Updated:SANFORD, Fla.,SANFORD, Fla. —
The NAACP sent a letter to the Department of Justice asking for a review in the case of a teenager who was shot and killed by a neighborhood watch leader in Sanford.
In the letter officials said: "The NAACP has no confidence that absent federal oversight, the Sanford Police Department will devote necessary degree of care to its investigation."
On Tuesday, the Sanford Police Department handed over the investigation to the State Attorney's Office.
It will then be up to the State Attorney's Office to decide if charges will be filed against George Zimmerman.
Zimmerman is accused of killing the teen, but no charges have been filed.
On Monday, the Sanford police chief told reporters and concerned citizens that detectives just don't have enough evidence to prove that the shooting was not self-defense.
Minutes after Sanford police announced their investigation into the shooting death of 17-year-old Trayvon Martin was nearly
finished, a group of residents questioned the results.
"How can you justify that shooting?" said Sanford resident James Davis.
The group of Sanford citizens raised their own questions about the shooting and said they want justice.
So far, 28-year-old George Zimmerman has not been charged in the death. Police reported he was bloody and appeared to have been on the ground before he fired on the teen.
Zimmerman said he was acting as a community patrol in the neighborhood and he'd just called 911 to report a suspicious person.
When police arrived the teen had been shot after neighbors called again to report some sort of fight.
"We don't have anything to dispute his claim of self-defense," said Sanford Police Chief Bill Lee.
But the teen was not armed and some believe the shooting was an unjust reaction to Martin simply walking to a home where he was staying after buying candy from a nearby convenience store.
The boy's family has their own attorney, who expressed concern about whether police have done their job properly.
"This family has no trust that this police department will do the right thing," said the family's attorney Natalie Jackson.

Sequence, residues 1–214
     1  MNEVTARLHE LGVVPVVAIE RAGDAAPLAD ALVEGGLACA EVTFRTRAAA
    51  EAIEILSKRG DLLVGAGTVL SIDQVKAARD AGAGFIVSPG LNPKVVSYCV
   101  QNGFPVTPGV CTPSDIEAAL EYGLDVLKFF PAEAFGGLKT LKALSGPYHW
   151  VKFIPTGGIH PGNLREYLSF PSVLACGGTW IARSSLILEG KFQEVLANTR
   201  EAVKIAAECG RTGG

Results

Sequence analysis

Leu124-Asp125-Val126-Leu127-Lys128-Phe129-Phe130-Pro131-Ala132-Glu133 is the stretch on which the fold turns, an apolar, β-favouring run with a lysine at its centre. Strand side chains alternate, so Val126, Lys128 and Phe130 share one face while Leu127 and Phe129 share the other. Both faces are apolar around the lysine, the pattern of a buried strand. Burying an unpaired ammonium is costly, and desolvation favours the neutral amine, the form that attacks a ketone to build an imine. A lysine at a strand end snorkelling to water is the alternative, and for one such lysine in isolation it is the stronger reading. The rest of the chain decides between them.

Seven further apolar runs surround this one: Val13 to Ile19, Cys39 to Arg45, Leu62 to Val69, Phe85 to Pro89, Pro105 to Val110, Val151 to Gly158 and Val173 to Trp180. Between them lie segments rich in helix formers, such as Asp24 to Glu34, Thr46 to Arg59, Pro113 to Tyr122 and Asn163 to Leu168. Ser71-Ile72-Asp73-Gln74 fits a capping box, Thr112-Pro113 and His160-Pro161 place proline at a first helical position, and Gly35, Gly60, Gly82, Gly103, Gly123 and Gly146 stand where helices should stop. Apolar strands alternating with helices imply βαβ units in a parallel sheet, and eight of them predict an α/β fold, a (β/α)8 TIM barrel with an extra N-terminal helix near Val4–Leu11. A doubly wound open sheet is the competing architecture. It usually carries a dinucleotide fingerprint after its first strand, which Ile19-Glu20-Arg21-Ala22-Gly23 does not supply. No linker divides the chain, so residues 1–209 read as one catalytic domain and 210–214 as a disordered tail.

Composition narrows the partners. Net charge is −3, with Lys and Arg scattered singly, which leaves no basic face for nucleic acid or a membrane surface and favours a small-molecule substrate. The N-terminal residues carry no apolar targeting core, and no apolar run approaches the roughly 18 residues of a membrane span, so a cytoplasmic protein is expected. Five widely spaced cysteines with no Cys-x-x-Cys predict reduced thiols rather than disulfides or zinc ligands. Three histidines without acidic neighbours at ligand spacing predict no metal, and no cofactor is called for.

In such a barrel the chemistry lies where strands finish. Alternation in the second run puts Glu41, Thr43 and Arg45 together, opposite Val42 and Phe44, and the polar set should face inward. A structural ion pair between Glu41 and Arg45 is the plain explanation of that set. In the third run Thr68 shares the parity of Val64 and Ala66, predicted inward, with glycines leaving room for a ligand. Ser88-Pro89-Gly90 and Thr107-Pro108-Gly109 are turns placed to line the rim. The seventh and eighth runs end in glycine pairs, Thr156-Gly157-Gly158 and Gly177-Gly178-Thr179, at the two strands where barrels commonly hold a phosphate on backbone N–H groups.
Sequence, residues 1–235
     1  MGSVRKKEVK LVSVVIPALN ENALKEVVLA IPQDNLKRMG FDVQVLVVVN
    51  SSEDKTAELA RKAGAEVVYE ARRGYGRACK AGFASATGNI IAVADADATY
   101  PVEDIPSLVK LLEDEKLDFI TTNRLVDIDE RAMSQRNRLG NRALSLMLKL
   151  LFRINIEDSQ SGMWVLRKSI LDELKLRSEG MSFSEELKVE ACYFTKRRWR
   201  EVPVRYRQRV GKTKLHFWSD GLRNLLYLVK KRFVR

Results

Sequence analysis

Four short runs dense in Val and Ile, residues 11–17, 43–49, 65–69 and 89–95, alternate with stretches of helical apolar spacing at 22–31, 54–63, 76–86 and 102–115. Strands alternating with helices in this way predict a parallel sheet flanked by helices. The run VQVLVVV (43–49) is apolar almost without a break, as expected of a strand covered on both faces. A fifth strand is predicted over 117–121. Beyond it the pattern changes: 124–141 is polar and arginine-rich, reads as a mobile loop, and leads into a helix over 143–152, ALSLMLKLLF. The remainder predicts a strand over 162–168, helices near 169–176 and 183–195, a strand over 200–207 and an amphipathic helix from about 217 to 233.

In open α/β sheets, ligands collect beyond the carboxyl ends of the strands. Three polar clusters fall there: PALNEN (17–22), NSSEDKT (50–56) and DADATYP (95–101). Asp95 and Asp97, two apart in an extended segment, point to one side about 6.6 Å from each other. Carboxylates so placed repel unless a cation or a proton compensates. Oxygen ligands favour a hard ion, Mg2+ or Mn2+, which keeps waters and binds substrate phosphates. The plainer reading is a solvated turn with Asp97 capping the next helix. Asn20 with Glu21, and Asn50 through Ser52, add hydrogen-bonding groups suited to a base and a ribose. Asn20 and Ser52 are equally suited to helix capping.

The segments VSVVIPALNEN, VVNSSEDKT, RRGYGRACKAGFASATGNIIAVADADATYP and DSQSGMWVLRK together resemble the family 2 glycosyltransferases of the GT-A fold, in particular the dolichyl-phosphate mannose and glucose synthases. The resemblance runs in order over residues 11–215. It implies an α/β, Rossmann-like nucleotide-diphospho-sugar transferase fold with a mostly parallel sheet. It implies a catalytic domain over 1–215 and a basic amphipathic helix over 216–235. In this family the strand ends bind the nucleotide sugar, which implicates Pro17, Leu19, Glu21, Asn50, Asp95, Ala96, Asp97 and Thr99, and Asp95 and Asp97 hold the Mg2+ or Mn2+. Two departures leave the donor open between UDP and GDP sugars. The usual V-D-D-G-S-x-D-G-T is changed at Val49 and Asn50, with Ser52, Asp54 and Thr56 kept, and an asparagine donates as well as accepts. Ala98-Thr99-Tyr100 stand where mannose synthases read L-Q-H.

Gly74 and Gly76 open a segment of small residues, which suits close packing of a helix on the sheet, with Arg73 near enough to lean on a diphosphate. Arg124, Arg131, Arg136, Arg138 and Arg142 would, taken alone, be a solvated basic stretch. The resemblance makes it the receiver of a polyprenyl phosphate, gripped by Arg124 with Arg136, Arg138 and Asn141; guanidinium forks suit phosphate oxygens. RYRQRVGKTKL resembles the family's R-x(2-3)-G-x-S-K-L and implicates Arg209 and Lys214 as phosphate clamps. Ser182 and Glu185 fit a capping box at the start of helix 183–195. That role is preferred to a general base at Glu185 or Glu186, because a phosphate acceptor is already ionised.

"This person decided to take the law into their own hands, and I can't fathom what was going through his mind," said homeowner Cheryl Brown.
Some residents claim that Zimmerman may have been on edge. They said it's because of a recent crime spike in the predominately white-gated community.
"We had a robbery over here. Someone came right on this woman's porch," said homeowner Darlene Stewart.
Police officials did not provide crime statistics to confirm the homeowners' claims.
However, other residents immediately dismissed the claims, and said there is another reason why Zimmerman shot and killed an unarmed black teenager.
"I think he profiled him. I think it was a hate crime and he should be charged," said one neighbor.
WFTV has revealed details of a 2005 arrest where Zimmerman was charged with battery on law enforcement after he cursed at an officer and shoved him as he tried to arrest employees of a bar.
Now even city officials are concerned about whether Zimmerman was really protecting himself against the unarmed teen.
Some city leaders are concerned about the lack of charges.
"There are some very serious questions I have about the fact as to why he was not arrested," said Sanford District 2 Commissioner Velma Williams.
Zimmerman has not commented at all on the case publicly. The police department will turn over the evidence it does have to the state attorney's office on Tuesday.